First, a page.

Your Life

Your Life

Major life milestones often have a major tax impact. Changes in your marital status, having a baby or adopting a child can have significant impact on your taxes. This is the place to ask questions about dependents, real estate, and other various scenarios that play a significant role in what taxes you pay.

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Pioneer
Posts: 1
Registered: ‎12-14-2017

Divorce finalize early 2018.

My divorce will be finalized in Jan 2018. 

I am stay home mom. I am PPR. My soon to be ex is paying temp support for me and CS for my minor child.

Will it be advantageous for me to file MFS or MFJ?

No nortgage. No student loan.

I am spending on attorney fees myself.

Pendente lite received in 2017.

Alimony will start after divorce is finalized in 2018.

We separated in April 2017.

Can you advise. Thanks!

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Tax Pro
Posts: 6,105
Registered: ‎02-23-2016

Re: Divorce finalize early 2018.

Hi Lifelesson1,

 

 

Welcome to the H&R Block community.

 

Have you lived apart from your spouse for at least the last six months of 2017?

 

If the answer to that questions is "YES" then you may be able to file as a head of household.  The most advantageous status for a married couple is MFJ.  If you still live with your spouse or if they are willing to file jointly with you then that's your best option.  Head of Household is just as beneficial though if you want to or need to file by yourself.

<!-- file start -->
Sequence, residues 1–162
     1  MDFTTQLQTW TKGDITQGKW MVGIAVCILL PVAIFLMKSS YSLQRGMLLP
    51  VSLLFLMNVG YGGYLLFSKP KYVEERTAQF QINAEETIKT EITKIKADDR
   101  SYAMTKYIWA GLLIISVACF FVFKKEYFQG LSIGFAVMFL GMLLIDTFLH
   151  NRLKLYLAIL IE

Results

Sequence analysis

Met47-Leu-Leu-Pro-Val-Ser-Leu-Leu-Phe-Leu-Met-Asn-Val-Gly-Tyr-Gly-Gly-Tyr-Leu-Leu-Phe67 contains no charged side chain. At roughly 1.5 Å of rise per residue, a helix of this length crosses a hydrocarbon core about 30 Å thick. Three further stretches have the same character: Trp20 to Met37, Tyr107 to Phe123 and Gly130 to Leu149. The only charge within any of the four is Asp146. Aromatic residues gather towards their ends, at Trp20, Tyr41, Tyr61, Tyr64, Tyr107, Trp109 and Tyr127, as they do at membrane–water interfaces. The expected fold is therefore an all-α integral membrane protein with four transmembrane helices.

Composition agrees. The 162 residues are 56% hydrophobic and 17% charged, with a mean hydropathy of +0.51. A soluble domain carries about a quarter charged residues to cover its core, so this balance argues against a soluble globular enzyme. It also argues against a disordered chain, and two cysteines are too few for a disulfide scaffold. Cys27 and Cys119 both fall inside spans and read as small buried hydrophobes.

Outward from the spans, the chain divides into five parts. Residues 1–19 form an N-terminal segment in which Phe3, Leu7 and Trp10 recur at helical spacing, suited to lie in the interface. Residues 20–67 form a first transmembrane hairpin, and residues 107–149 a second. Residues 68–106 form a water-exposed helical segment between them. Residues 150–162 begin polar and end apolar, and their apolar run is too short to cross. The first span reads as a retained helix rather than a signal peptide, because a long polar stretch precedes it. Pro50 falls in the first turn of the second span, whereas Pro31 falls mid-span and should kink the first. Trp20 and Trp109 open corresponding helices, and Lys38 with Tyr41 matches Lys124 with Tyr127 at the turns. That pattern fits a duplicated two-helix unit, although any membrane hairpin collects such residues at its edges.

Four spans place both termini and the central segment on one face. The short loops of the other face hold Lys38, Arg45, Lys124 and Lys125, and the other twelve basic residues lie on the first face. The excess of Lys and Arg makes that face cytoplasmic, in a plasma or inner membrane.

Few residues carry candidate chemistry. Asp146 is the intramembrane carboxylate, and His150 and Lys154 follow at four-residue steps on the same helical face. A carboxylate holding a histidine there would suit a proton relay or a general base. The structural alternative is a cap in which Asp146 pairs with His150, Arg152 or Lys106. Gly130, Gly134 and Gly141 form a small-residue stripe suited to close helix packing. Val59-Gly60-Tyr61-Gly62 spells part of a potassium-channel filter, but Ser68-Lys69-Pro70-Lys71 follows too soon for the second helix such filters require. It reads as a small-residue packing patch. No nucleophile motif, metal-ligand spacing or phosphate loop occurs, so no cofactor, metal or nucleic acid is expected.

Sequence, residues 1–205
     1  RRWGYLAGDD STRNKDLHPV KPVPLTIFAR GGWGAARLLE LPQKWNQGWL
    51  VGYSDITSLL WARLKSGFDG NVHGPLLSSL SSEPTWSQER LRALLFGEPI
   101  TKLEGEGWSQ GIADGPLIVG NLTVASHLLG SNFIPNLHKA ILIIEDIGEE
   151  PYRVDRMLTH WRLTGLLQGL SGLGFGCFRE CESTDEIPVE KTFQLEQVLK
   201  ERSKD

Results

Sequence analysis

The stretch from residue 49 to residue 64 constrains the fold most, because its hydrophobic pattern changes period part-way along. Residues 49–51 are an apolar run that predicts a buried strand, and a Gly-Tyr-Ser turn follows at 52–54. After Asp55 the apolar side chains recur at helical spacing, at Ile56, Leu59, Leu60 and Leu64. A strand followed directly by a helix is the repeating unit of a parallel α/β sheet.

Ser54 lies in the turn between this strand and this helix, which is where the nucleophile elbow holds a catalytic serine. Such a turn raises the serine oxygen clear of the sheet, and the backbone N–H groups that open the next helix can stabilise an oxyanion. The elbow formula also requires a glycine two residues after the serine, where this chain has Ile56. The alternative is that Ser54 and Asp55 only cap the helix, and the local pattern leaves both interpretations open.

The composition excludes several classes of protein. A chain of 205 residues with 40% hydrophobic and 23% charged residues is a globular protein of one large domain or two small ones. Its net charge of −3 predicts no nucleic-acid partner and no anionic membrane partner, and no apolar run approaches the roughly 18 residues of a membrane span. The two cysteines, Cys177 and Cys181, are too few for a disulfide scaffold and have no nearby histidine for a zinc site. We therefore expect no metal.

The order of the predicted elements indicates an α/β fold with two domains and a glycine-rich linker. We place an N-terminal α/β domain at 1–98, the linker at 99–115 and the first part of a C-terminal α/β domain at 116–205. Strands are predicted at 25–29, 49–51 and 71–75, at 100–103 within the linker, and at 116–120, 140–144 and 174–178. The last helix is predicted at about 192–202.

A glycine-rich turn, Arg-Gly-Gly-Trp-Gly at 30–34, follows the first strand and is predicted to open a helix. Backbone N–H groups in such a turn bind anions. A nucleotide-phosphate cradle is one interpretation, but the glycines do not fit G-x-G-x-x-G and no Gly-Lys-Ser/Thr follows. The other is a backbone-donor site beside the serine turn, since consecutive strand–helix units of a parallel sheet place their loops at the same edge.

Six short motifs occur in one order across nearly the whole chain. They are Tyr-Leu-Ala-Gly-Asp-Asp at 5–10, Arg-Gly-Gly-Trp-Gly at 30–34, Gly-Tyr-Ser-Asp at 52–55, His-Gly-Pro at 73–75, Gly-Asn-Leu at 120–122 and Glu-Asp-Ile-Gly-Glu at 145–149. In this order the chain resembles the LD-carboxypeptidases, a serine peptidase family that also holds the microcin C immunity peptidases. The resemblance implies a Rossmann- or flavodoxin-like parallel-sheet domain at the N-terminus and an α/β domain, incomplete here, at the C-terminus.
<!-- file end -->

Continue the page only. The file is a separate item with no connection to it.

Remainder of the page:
You can file as a head of household in a separation situation in which you are still legally married if:

  • you lived apart from your spouse for at least the last six months of the year
  • you have a dependent qualifying child whom you claim on your tax return
  • you paid at least 50% of the upkeep costs of your home (rent or mortgage, utilities, repairs, food, renters/homeowners insurance)

 

You have a qualifying child if:

  • your child lived with you for more than six months out of the year
  • your child is under age 18 or under age 24 and in school full time
  • your child did not file a joint return with another taxpayer
  • your child is related to you
  • your child provided less than 50% of his or her own support

 

You are the custodial parent if:

  • your child resided with you for more nights during the year than with his or her other parent or any other person who could claim him or her
  • your child resided with you for more than six months out of the year

 

The custodial parent part of this is important if you get into a situation where the other parent wants to claim the child's exemption.  Whomever is the custodial parent always gets to file as head of household and claim the EIC and the dependent care credit.  The non-custodial parent may claim the child's exemption, the child tax credit, and any education credit that the child is due provided that they have a signed copy of Form 8332 from the child's custodial parent.

 

If you use the MFS filing status then you will only be able to claim the child tax credit.  The other child-related benefits are not allowed when filing MFS.  If you do not qualify for the head of household exception then you must file either MFS or MFJ.

 

 

If you have any other questions I'll be glad to help.

 

Louis,

Senior Tax Advisor (Tampa, FL)